" -  /[^\x00-\x7f]   " This will do a NEGATIVE search; good for finding non-ascii characters.
" -  :%s/\\n/\r/g    " This will convert all null's (\n) in a given text file, to real CR's
" -  set nowrap      " This will stop vi from wrapping lines of text in the window (leaveing some longer lines visually 'chopped off'; sometimes helpful).
"
" Additional helpful VI references:
" -  https://unix.stackexchange.com/questions/199203/why-does-vim-indent-pasted-code-incorrectly
" -  https://vim.fandom.com/wiki/Disable_automatic_comment_insertion
" -  https://vim.fandom.com/wiki/Pasting_code_with_syntax_coloring_in_emails
"

-----------------------------------------------------------------------------------


Gary Johnson

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Jan 21, 2022, 2:00:18 AMJan 21
to vim...@googlegroups.com
On 2022-01-20, Joseph Wulf wrote:

Joe,

> "map <F1> <Nop>" is all that works for me, so far, during Normal/Command mode
> to prevent bringing up VIM HELP.
> This is placed at the bottom of my .vimrc.
>
> Attempting, "map! <F1> <Nop>"  is accepted, but does not prevent the <F1>,
> while in INSERT mode, from bringing up VIM HELP .
> No form I tried of 'tmap' would be accepted by vim.
>
> For what it is worth, I'm using CentOS 7.9, with KDE desktop, Konsole terminal
> windows, patched via the latest yum update.
> VIM is version 7.4 (2013 Aug 10, compiled Dec 15 2020 16:44:08);  Included
> patches: 1-207, 209-629
> Konsole terminals are standardized black background, zero transparency and
> green text.
>
> I've included my entire .vimrc (current state) below my signature (and
> in-between the lines of dashes), for critique/reference/review.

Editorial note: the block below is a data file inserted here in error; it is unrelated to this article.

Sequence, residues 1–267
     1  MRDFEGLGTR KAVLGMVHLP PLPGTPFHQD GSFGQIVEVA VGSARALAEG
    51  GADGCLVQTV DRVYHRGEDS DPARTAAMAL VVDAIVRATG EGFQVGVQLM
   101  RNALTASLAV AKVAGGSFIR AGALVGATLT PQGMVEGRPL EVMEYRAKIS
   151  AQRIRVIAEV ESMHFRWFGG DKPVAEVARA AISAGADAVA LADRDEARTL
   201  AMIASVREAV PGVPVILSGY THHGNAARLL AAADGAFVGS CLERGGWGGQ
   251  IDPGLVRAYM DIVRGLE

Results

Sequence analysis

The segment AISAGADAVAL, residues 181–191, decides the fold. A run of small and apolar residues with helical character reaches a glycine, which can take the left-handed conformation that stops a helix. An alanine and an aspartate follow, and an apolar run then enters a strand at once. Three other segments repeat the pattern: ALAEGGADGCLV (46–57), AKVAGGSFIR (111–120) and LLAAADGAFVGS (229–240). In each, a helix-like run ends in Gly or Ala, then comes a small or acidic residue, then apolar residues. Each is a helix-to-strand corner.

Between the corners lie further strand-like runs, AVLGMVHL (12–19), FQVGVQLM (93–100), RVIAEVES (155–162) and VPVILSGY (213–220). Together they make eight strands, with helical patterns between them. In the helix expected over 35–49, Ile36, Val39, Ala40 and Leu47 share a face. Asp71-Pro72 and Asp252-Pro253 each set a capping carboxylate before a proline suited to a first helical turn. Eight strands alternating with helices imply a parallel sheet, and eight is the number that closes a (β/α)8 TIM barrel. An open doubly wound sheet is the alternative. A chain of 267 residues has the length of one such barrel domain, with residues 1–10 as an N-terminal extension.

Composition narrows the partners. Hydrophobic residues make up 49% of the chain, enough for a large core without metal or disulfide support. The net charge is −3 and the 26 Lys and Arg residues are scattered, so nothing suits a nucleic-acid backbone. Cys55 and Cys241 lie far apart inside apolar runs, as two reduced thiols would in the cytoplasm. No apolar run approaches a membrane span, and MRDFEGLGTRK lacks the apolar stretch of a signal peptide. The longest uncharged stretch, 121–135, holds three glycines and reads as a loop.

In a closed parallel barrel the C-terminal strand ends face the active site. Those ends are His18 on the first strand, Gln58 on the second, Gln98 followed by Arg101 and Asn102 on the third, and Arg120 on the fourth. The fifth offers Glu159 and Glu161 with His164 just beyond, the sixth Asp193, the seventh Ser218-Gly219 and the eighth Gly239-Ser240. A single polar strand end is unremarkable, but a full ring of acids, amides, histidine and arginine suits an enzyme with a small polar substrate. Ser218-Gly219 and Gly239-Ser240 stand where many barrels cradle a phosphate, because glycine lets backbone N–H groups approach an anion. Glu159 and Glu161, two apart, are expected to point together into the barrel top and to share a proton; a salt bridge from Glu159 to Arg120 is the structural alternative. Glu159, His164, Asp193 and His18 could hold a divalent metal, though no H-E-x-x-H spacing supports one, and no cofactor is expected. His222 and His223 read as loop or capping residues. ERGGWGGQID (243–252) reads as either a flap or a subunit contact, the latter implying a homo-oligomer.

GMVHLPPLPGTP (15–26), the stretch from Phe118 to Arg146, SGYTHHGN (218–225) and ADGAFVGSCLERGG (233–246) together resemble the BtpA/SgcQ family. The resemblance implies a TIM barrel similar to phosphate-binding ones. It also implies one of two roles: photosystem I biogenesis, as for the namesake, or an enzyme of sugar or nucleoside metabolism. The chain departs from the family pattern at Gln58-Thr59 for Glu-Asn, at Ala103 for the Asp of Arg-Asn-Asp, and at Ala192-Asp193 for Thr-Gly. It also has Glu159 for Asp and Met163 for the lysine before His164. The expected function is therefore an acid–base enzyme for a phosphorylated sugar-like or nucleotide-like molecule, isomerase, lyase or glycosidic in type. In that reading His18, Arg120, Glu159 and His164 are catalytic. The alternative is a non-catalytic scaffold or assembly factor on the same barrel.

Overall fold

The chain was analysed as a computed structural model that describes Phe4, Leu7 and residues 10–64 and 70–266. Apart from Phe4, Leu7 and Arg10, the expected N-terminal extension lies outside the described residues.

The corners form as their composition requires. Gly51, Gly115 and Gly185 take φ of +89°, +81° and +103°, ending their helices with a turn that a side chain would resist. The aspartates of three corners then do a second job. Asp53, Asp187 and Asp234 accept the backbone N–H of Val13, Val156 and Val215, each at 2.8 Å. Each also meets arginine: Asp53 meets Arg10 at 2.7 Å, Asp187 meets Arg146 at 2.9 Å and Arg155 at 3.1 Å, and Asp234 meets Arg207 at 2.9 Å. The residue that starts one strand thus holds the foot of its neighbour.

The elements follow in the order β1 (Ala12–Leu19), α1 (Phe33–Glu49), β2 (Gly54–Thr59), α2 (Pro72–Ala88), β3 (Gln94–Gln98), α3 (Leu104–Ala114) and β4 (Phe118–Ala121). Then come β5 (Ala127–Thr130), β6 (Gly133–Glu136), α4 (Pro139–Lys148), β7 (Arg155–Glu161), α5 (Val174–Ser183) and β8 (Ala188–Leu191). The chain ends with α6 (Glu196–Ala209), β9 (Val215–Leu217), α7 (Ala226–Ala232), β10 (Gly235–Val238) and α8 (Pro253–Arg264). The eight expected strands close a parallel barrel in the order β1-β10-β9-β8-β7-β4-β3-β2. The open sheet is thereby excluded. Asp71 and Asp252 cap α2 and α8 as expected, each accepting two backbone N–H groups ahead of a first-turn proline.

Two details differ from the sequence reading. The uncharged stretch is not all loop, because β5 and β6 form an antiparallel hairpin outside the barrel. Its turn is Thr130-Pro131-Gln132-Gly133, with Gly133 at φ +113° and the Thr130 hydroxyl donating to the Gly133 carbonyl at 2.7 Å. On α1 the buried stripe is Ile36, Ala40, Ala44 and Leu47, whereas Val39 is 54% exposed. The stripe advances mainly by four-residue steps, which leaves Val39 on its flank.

> I'm really proud of my status line, too.

I didn't see anything there that should cause this.

I know we've been through this before in bits and pieces, but I'd
like to be sure that we're all on the same page.

Please try the following.

1. Start vim without any arguments:

vim

2. Enter insert mode by typing

a

3. Type the F1 key. This will presumably bring up Vim's help.

4. Exit the help window by executing

:q

5. Execute this:

:verbose map! <f1>

6. Let us know the results of that last command.

Regards,
Gary

Joseph Wulf

unread,
Jan 21, 2022, 2:08:26 AMJan 21
to vim...@googlegroups.com
Gary,

I moved .vimrc out of the way.
Executed "\vim"   to negate my bash alias which does:  "alias vim='/usr/bin/vim -u ~/.vimrc'"

I first did '<F1>' and got the help, and quit out of it ":q"
I next did 'a' and then did '<F1>' and got the help, and quit out of it ":q"

The results from ":verbose map! <F1>" was "No mapping found"---------same for ":verbose map <F1>.

Thank you... I appreciate the help.
I've spent a couple hours this evening browsing through the VIM ":help".... to see what more I could learn.


R,
-Joe Wulf;  RHCSA(RHEL7), FITSP-D, CISSP, VCP3, CPO(USN/RET)
Tony Robbins:  "Management is focusing on getting someone to get a result. Leadership is producing a standard in someone that when you’re gone, they will live by to produce higher level results consistently".



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Gary Johnson

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Jan 21, 2022, 3:04:04 AMJan 21
to vim...@googlegroups.com
On 2022-01-21, Joseph Wulf wrote:
> Gary,
>
> I moved .vimrc out of the way.
> Executed "\vim"   to negate my bash alias which does:  "alias vim='/usr/bin/vim
> -u ~/.vimrc'"
>
> I first did '<F1>' and got the help, and quit out of it ":q"
> I next did 'a' and then did '<F1>' and got the help, and quit out of it ":q"
>
> The results from ":verbose map! <F1>" was "No mapping found"---------same for "
> :verbose map <F1>.
>
> Thank you... I appreciate the help.
> I've spent a couple hours this evening browsing through the VIM ":help".... to
> see what more I could learn.

Joe,

The point of the experiment was to try to discover what it is in
your setup that causes the insert- and command-mode mapping of <f1>
(i.e., "map! <f1> <nop>") to disappear or become ineffective. If
you move your ~/.vimrc out of the way, we don't learn anything.

That said, it may not have been a very good experiment because the
:verbose command would not have said where F1 became unmapped.